By Heidy Brosofsky-Weaver

The halls of the Freedom Crossing Academy may echo with the loneliness of summer, but if the walls could talk, one in particular would share the culture of this new school. Near Principal Allen Anderson’s office, an inaugural banner sprawls across an entire wall, proclaiming the school’s vision: “Established in 2018 to Break Barriers.” In addition, the banner features soul-stirring snippets written by faculty and staff, encouraging students to work hard, go after dreams, and soar like their falcon mascot.

Although all these messages are inspiring, first grade teacher Ashley McCollum’s note stresses the importance of having a vision “… because one day at least one child will be able to look back and be able to smile at something positive that happened to them in school no matter what is going on in their lives.”

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Anderson agrees: “We treat every child like our very own child. We won’t give up on them even if they give up on themselves.”

To accomplish this vision, faculty and staff focus daily on building a family atmosphere. While old-fashioned smiles, verbal praise, and hugs are still high on the list, a hi-tech behavior system called LiveSchool unites students into multigrade houses with names like Otutu, Ton Throng, and Kalpana. Third graders from Jill Loughran’s class eagerly explain how they earn points throughout the day for positive actions such as showing safety, respect, and responsibility. What’s more, they can watch these points accrue in real-time on monitors around the campus and celebrate victories.

“It’s so much fun working together with my house to earn LiveSchool points,” says middle school student Makenzie Bantum, who is a member of the Meraki house. “I was a little nervous to start sixth grade at a new school, but is has been an awesome year where we quickly felt like one family.”

Bantum is a member of the band, track team, and undefeated girls’ basketball team.

From cheering for the undefeated volleyball teams to reaching new goals in the Principal’s Math Club, the culture strives to have fun tackling challenges, according to Anderson. “One positive thing I hear is that students want to come to learn and the staff wants to come to work.”

In fact, a group of teachers, faculty members, and administrators took fun to a new level when they transformed into Funky Falcons and flash mobbed students at a home basketball game. Wearing wacky wigs, Assistant Principal Melissa Lime, first grade teacher Julie Haden, and their fancy flock of dancers quickly became a hit with students. They even performed during FCA Spirit Night at the Jacksonville Icemen hockey game. As one member put it, “We’re dancing through barriers!”

Others might argue that “flying through barriers” might be a better motto considering the school’s mission: Falcons take FLIGHT.

As Anderson, a 20-year veteran of St. Johns County Schools explains, FLIGHT school starts with Focus on a vision and a mission.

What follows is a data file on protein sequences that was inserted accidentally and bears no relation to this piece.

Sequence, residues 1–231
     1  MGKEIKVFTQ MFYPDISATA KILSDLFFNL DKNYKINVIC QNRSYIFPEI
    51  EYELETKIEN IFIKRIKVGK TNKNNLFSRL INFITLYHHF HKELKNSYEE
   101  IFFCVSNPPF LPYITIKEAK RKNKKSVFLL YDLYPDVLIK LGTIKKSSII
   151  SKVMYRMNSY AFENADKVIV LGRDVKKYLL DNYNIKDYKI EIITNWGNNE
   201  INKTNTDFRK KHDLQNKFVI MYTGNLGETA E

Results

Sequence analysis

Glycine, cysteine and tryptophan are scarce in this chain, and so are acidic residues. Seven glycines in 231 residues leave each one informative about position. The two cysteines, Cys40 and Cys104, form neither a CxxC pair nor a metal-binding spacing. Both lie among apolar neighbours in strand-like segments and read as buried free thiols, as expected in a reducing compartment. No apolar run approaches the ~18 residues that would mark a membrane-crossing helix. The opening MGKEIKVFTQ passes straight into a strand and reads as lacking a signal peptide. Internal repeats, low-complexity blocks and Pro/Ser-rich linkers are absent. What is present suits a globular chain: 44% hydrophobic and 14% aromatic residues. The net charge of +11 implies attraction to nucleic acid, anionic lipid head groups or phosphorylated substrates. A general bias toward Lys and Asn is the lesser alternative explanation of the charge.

Then, there is Leadership. “Everybody is a leader. We are all responsible for each other, the building, and representing the school and families,” says Anderson.

Imagination is another key component. “We want students to try things. You learn from trying,” Anderson says. “You fail your way to success.”

As for Grit, it’s part of FCA’s everyday language. Whether it be video games, athletics, or math problems, the idea is to try and try again. “Every year is a do better … not a do over,” says Anderson, the 2017 – 2018 St. Johns County Principal of the Year.

Heart is another priority. “It’s important to care for your neighbor and have a heart for students in other grade levels, too,” the father of two explains. Ever since his first principal position in 2010, Anderson has incorporated “Capturing a Kid’s Heart.” This program is based on the idea that “if you have a child’s heart, you have a child’s mind.”

Finally, Team is synonymous with the FCA family. “A lot of teamwork went into making this first year successful,” says Anderson, who puts a priority on professional learning communities (PLCs). He emphasizes the importance for educators to meet regularly and share expertise so that the students “get whatever they need to succeed.”

Following this team theme, teacher Ginger Kastor spearheaded a project for all kindergarten classes to create a time capsule, complete with a copy of The CreekLine newspaper.

Clearly, the goals introduced on that banner on the wall have come to life. One message, written by Staci Boyer (the principal’s secretary/bookkeeper/office manager and St. Johns County’s 2018 – 2019 School-Related Employee of the Year) sums it up nicely: “Together we can make a difference in each falcon (student or staff) who flies through our doors … and when they leave us, they feel they can accomplish their dreams.”


Photo courtesy Julie Haden

The Funky Falcons


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